In the current issue of PLoS Medicine, Foulkes et al. describe associations between apoC-III polymorphisms and triglyceride concentrations in a large ( n = 626) population of patients with HIV from a variety of racial/ethnic backgrounds [20]. A strength of this study was that it derived samples and collected data through the Adult AIDS Clinical Trial Group ( AACTG) A5128 Protocol, which allows for storage of DNA for pharmacogenetic and genomic research from participants enrolled in a range of AACTG clinical trials [21]. In contrast to other studies, 19.3% of the population was Black/ non-Hispanic and 17.9% was Hispanic, allowing for investigations into the effect of the apoC-III polymorphisms both within and between different racial/ethnic populations.

Foulkes et al. found wide variability in genotype frequency among different racial/ethnic groups with wild type less common among Black/non-Hispanics (10.8%) than among White/non-Hispanics (45.5%) and Hispanics (35.1%). The pattern and severity of dyslipidaemia also differed between groups. Although the Black/non-Hispanic group had lower triglycerides, lower non-HDL cholesterol, and higher HDL cholesterol levels than White/non-Hispanics and Hispanics, they experienced more pronounced increases in triglycerides in response to PI-containing ART.

In contrast to previous literature, presence of variant apoC-III alleles in the Hispanic group was associated with a seemingly protective effect when exposed to PIs, as patients carrying these variant alleles had lower triglyceride values in response to PIs than those carrying wild type. Although seemingly counterintuitive, similar protective effects of variant allele combinations have been previously described in people who are HIV-negative [17], even though an underlying mechanism has yet to be determined. These data point to specific differences between racial/ethnic groups, not only in the prevalence of apoC-III polymorphisms, but also in the influence of these polymorphisms on PI-related hypertriglyceridaemia.

This study does have some limitations. For example, women were underrepresented (11% compared to the 25% of North American people living with HIV who are women [18]); only 10% of patients on PI therapy were on ritonavir; and, as the authors acknowledge, the study still lacked the power to detect small interaction effects within different racial/ethnic groups. Nevertheless, this study demonstrates specific differences between racial/ethnic groups in both the occurrence of dyslipidaemia on ART and the influence of genetic factors on the prevalence of PI-related lipid abnormalities.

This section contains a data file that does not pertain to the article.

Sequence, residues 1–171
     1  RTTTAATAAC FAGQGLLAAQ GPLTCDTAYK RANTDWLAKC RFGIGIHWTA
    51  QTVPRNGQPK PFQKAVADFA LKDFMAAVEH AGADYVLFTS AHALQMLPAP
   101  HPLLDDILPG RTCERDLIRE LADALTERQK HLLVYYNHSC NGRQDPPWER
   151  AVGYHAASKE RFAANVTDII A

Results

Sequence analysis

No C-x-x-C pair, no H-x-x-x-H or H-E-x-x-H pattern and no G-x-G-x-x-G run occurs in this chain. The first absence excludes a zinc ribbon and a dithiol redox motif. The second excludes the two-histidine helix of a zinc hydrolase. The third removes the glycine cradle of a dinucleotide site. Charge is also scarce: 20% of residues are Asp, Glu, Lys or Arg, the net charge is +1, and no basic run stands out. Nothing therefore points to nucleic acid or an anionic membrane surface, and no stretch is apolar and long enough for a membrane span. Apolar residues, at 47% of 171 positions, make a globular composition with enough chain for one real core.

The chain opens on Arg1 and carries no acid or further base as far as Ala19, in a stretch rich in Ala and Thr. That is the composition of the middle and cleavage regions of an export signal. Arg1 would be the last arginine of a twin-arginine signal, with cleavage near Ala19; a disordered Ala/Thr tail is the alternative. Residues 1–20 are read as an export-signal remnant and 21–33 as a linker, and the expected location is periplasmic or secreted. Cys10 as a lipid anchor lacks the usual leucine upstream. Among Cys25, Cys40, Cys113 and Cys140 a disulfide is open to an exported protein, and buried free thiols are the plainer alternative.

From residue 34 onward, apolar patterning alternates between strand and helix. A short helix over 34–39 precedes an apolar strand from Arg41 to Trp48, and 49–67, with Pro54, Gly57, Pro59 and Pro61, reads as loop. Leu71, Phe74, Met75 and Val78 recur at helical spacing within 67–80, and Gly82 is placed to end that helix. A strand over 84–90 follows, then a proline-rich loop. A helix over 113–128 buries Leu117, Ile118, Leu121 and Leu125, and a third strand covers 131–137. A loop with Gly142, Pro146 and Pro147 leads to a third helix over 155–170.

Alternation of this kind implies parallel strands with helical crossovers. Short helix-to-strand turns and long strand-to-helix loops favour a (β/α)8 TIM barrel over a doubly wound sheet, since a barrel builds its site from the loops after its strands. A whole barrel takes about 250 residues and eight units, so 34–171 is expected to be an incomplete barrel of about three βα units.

Pharmacogenetics and Antiretroviral Therapy

The study by Foulkes et al. is among an increasing number of pharmacogenetic studies in HIV. Genetic variation has been linked to the metabolism of antiretroviral drugs [22–24], drug hypersensitivity [25], and components of HIV-associated lipodystrophy [26–29] (Table 1), although several of these studies were small, enrolled predominantly non-Hispanic/White men, and studied polymorphisms that occur infrequently within populations. As a result, conflicting associations have been found [16, 26–29], and the clinical applicability of results is unclear.

Notable exceptions include a study showing a high incidence of hypersensitivity to the nucleoside reverse transcriptase inhibitor abacavir in patients with the HLA-B*5701 halotype [25], and another study that demonstrated significant racial/ ethnic differences in the frequency of polymorphisms in the gene-encoding cytochrome P450 2B6, which is responsible for metabolism of the non-nucleoside reverse transcriptase inhibitor efavirenz. The differences in the frequency of these polymorphisms help explain the observed differences in metabolism of this drug between different racial/ethnic groups [22]. The latter study was also performed as part of the AACTG collaboration.

Future Directions

Of the 43 million people estimated to be currently living with HIV, 43% are women, 64% live in sub-Saharan Africa, 18% live in South and Southeast Asia, and 4.5% live in Latin America [18]. Although we still have much to learn about the importance of race and ethnicity in the long-term treatment of HIV, studies such as that by Foulkes et al. underscore the importance of both race/ethnicity and genetic factors in the long-term treatment of HIV.

The study by Foulkes et al. underscores the importance of designing appropriately powered pharmacogenetic studies that include individuals from a wide variety of racial/ethnic backgrounds in order to determine the clinical importance of genetic variation. Although DNA banks raise ethical challenges [30], collaborations such as the AACTG are an ideal framework in which to perform these studies. Establishing and supporting similar collaborative groups in other regions of the world is essential if further useful studies are to be performed in this field. Such studies are vital if the eventual goal of safe long-term therapy for HIV is to be realised worldwide.


PWGM is supported by funds from the National Heart, Lung, and Blood Institutes of the National Institutes of Health, grant number RO1 HL65953. The National Centre in HIV Epidemiology and Clinical Research is funded by the Commonwealth Department of Health and Ageing.